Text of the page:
Introvert Jokes
A Mini-Trip Through '70's Pop Music

Harry Potter Myers-Briggs

Warning:  Spoilers ahead!  Don't read if you haven't read all of the books!

When I was looking up a lot of Myers-Briggs information, I found this test to tell you which Harry Potter character you are, and which Myers-Briggs type goes with that character.  Some worked well (Snape as an INTJ), but many didn't so I didn't bother to mention it on my blog.*

Bub and Pie has written her own post on Myers-Briggs types for Harry Potter characters, and her categories work much better.  She doesn't break them down into all sixteen categories, instead, she sorts them into four broader categories:  SF, SJ, NT, and NF.

...The Harry Potter series is all about the SJs and SPs, concrete thinkers who either follow the rules (SJ) or break them (SP). On the whole, Rowling seems to side with the SPs. Everything in the wizarding world is concrete, even the magic (especially the magic). Wizards don’t read novels – or write them. At best they read the occasional fairy tale, but Beedle the Bard appears to be the only wizard who ever had a literary imagination. Wizards are scientists: they combine ingredients to create potions, they care for magical plants and creatures, and they utter set incantations to create particular effects. There is some innovation in the wizarding world (particularly by the Half-Blood Prince), but little true creativity. Perhaps if we’d ever followed Hermione to Arithmancy class or hung out in the Ravenclaw common room we might have met a few NTs, but NF idealists are terribly thin on the ground

NT students are hard to find a Hogwarts: in the Muggle world they’re easily located by their D&D clubs, their gaming conventions, and their science fair projects. There seem to be no nerds at Hogwarts, no cliques of misfits who bond over their arcane interests. Neville’s flair for Herbology suggests an NT nature – he may be a mild-mannered INTJ, intimidated by his robust ESTJ grandmother but never quite conforming to social expectations.

I talso enjoyed this consideration of Snape and Dumbledore:

The best NTs in the Potterverse, of course, are Albus Dumbledore and Severus Snape. (Snape’s loyal following, especially in the N-dominated blogosphere, may arise from the fact that he is one of the few abstract thinkers in the concrete world of witchcraft and wizardry.) Snape is a true scientist: as the Half-Blood Prince, he tinkered with potions and created spells of his own invention. The only wizard who surpasses him for intellect and creativity is Dumbledore. His early friendship with Grindelwald – based on a shared intellectual vision – suggests to me that he is a classic NT, probably an ENTP or an INTP. Dumbledore’s quirky sense of humour, his flair for nonsense, and his unsurpassed magical knowledge all place him in the same category as Lewis Carroll, Albert Einstein, and Jon Stewart.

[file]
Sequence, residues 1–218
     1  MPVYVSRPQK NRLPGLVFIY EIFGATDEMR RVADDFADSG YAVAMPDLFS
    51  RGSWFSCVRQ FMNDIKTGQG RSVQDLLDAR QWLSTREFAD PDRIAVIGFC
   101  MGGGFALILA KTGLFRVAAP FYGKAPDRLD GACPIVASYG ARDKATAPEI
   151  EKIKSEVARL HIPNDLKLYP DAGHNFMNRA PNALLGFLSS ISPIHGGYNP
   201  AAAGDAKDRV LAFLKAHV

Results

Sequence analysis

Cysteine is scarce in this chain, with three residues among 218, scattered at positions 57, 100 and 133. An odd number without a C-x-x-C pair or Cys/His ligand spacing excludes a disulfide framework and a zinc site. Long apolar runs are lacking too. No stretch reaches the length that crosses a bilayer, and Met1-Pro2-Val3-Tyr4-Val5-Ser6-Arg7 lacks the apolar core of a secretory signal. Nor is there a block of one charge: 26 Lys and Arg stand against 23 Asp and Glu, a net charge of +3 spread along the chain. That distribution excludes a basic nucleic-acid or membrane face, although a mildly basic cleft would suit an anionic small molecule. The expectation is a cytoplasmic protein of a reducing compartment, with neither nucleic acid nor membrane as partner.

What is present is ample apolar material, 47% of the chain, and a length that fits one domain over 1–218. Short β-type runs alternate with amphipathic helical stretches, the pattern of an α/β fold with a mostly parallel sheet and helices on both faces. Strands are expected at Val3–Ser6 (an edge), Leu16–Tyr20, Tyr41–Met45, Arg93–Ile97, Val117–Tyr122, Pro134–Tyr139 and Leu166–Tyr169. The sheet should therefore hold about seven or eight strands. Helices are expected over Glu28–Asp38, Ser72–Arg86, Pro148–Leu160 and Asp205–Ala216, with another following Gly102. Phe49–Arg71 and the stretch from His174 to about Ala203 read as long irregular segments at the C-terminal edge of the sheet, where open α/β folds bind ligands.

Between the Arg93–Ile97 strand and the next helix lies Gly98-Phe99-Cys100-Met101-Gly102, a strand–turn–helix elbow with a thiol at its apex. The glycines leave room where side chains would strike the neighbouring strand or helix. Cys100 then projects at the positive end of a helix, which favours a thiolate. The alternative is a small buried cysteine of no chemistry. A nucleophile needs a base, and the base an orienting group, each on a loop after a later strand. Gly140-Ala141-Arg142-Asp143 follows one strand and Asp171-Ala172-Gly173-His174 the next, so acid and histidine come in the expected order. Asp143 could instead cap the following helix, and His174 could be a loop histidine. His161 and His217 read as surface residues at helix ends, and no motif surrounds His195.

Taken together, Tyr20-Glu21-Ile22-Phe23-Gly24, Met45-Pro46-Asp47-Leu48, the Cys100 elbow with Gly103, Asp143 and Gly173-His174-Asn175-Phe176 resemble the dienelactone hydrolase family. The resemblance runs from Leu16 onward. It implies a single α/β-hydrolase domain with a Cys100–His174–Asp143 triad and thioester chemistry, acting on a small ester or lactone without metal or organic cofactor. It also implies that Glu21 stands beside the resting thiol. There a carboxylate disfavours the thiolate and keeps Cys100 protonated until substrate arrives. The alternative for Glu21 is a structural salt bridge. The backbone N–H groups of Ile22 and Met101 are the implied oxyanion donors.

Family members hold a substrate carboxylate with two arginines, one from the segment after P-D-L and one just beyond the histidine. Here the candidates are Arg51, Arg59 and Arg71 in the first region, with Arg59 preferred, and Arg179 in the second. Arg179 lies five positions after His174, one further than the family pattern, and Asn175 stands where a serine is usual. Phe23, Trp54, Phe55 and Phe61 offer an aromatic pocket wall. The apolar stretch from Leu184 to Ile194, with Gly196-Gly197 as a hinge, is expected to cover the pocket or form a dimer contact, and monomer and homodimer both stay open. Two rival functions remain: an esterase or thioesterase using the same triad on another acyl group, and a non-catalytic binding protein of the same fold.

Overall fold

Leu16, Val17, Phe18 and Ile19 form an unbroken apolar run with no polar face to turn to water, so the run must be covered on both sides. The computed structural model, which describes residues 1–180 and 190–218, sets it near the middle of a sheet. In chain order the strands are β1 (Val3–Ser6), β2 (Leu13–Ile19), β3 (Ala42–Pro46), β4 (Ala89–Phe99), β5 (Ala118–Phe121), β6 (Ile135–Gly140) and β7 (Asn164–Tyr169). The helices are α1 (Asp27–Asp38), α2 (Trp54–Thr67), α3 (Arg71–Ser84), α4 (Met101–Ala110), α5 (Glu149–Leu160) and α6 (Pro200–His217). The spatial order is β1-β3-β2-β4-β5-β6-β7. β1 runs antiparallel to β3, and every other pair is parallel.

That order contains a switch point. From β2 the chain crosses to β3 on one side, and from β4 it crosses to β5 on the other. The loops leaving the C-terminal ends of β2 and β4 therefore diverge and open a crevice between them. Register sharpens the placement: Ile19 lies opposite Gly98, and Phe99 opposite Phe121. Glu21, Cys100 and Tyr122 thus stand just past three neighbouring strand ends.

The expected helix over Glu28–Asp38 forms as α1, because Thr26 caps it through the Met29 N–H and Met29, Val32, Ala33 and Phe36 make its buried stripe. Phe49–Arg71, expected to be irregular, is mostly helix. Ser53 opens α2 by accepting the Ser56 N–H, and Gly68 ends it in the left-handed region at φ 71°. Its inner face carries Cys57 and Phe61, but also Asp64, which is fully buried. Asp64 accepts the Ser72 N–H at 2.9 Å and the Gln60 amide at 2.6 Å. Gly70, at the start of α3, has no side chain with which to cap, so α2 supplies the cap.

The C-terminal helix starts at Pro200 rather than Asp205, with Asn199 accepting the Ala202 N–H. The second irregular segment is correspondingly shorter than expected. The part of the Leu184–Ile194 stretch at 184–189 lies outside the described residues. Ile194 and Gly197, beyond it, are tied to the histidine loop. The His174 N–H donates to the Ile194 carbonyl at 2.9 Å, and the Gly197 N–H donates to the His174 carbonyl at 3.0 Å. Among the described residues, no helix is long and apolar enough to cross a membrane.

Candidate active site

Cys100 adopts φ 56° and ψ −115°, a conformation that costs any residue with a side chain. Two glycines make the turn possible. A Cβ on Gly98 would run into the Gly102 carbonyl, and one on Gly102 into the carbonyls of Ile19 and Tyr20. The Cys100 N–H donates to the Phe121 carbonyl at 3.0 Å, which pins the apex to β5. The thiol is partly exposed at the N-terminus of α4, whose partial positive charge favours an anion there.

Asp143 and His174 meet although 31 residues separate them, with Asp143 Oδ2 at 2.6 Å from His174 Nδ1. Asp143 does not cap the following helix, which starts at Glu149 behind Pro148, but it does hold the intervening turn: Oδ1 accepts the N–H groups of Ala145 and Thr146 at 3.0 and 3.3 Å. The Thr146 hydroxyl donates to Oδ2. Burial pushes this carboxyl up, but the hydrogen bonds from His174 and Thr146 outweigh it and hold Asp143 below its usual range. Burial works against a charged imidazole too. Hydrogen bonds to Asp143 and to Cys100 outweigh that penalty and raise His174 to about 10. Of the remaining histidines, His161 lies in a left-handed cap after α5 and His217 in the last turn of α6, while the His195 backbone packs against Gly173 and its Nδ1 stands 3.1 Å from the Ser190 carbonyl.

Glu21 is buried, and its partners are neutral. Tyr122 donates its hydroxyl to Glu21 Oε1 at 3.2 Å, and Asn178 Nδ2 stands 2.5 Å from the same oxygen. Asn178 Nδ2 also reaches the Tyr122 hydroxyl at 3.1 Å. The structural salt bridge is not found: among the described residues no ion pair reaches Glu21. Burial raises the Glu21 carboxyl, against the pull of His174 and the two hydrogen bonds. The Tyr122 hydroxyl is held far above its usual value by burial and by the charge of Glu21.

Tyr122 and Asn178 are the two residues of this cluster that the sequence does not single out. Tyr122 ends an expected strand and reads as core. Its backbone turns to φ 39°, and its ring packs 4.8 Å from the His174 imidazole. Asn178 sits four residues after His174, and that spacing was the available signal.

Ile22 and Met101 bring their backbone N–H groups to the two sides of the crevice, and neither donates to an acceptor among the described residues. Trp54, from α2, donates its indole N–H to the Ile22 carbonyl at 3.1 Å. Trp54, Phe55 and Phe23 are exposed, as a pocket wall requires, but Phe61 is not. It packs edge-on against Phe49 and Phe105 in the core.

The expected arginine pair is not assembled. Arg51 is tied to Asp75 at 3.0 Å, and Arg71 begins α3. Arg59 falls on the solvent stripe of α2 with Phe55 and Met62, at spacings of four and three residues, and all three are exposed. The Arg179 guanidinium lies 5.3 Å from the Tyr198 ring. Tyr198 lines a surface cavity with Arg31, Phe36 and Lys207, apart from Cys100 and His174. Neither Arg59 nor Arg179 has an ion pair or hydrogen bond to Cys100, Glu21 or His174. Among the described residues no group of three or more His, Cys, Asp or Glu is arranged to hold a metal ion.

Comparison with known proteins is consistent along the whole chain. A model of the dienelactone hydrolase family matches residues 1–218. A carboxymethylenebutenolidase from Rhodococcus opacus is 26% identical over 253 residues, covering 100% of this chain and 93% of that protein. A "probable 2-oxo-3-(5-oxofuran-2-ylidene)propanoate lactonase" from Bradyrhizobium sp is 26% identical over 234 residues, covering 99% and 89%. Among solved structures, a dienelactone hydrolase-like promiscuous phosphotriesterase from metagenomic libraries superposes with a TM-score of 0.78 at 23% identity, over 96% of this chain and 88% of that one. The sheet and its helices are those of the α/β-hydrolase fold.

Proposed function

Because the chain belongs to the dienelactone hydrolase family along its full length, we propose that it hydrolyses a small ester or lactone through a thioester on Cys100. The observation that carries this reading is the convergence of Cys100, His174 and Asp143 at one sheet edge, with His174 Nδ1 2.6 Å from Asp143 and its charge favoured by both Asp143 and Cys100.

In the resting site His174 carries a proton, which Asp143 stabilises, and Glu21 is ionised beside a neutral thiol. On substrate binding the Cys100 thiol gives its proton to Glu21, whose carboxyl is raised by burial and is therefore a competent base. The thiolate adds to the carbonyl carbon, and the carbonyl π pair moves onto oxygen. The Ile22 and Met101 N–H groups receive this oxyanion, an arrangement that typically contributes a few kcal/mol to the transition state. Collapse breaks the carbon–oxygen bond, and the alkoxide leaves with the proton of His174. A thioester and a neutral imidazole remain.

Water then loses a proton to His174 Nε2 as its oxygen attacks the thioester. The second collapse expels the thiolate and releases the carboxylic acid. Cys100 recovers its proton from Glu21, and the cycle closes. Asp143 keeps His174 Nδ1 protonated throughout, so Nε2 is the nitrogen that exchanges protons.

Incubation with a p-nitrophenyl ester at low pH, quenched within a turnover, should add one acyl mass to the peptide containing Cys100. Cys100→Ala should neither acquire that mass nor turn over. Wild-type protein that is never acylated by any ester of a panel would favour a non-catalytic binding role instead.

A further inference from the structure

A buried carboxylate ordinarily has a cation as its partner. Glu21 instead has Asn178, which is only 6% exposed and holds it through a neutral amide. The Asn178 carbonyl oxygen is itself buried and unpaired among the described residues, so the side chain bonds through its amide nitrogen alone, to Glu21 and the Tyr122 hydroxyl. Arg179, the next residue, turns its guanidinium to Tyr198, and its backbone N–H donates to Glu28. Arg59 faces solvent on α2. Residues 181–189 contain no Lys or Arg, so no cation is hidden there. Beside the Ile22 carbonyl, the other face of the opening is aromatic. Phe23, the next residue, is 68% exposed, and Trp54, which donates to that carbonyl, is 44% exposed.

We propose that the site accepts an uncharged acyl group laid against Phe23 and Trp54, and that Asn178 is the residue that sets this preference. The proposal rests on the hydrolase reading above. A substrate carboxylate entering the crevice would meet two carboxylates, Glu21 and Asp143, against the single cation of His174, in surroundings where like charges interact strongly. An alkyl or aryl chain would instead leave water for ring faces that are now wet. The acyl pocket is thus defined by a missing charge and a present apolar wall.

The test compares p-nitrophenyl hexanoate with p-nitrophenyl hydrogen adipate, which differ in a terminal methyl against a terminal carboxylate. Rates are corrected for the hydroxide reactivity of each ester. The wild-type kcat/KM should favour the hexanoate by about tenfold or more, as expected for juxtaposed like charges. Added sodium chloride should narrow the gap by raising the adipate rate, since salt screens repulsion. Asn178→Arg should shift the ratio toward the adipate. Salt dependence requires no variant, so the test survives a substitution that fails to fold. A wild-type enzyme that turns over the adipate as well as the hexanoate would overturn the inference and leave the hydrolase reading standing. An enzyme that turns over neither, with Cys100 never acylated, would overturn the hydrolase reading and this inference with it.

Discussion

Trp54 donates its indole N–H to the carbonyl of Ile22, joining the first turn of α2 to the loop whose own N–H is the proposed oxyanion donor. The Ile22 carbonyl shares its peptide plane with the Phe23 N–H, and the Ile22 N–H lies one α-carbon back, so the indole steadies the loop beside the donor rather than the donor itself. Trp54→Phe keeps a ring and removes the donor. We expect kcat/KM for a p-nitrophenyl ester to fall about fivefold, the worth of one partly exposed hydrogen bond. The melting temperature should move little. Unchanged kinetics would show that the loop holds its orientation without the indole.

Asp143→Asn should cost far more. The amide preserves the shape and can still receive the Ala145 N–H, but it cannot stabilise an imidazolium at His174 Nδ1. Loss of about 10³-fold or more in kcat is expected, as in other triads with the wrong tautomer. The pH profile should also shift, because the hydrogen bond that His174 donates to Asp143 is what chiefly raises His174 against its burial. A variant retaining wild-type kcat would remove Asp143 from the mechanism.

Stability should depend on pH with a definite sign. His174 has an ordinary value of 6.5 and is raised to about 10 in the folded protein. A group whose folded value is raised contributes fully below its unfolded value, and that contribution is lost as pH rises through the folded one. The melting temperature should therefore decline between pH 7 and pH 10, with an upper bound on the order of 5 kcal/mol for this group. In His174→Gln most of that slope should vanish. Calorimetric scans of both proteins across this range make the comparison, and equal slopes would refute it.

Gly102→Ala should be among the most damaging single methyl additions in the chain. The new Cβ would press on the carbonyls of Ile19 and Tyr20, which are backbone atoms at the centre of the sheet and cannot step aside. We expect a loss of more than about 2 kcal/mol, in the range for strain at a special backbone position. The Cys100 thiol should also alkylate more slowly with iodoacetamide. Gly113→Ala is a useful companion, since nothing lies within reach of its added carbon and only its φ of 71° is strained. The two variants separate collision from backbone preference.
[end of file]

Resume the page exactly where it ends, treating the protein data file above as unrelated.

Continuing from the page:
Whenever I've taken any Myers-Briggs-type tests, I've always been in between INTJ and INFJ.  However, a recent conversation thoroughly convinced me that I'm really an INFJ.  For me, INTJ is a vacation, but not where I live.  As Bub and Pie says about the Potterverse, "...NF idealists are terribly thin on the ground."  She does find a very few:

Perhaps the only NF in the series is Lily Potter. Against the advice of her friends, she remains loyal to Snape even though he’s an outsider and a Slytherin. She is impervious to peer pressure but not to her own ideals: when Snape goes over to the Death Eaters, she ends the friendship. Lily is described by Slughorn as an intuitive potion-maker, someone with good instincts and an ability to follow them. She harnesses the power of love so skillfully that she helps defeat the greatest wizard in the world; she also has a weak spot for a good-looking Quidditch player whose arrogance cannot conceal his romantic interest. She is credulous and even, at times, naïve: she considers Wormtail a safe repository for secrets and laughs away the suggestion that Dumbledore might ever have been friends with Grindelwald.

The only other potential NF I can think of is Remus Lupin: his life is one of tortured emotion – he is an outcast who falls in love, considers abandoning his child out of a misguided sense of duty, and ultimately gives his life for a good cause. R.I.P., Remus. We hardly knew ye.

One of the comments also adds Hagrid as a possible NF - which I can see.**

If you enjoy Myers-Briggs or Harry Potter, I highly recommend reading all of her post (click here).

*  INTP's don't like being Voldemort.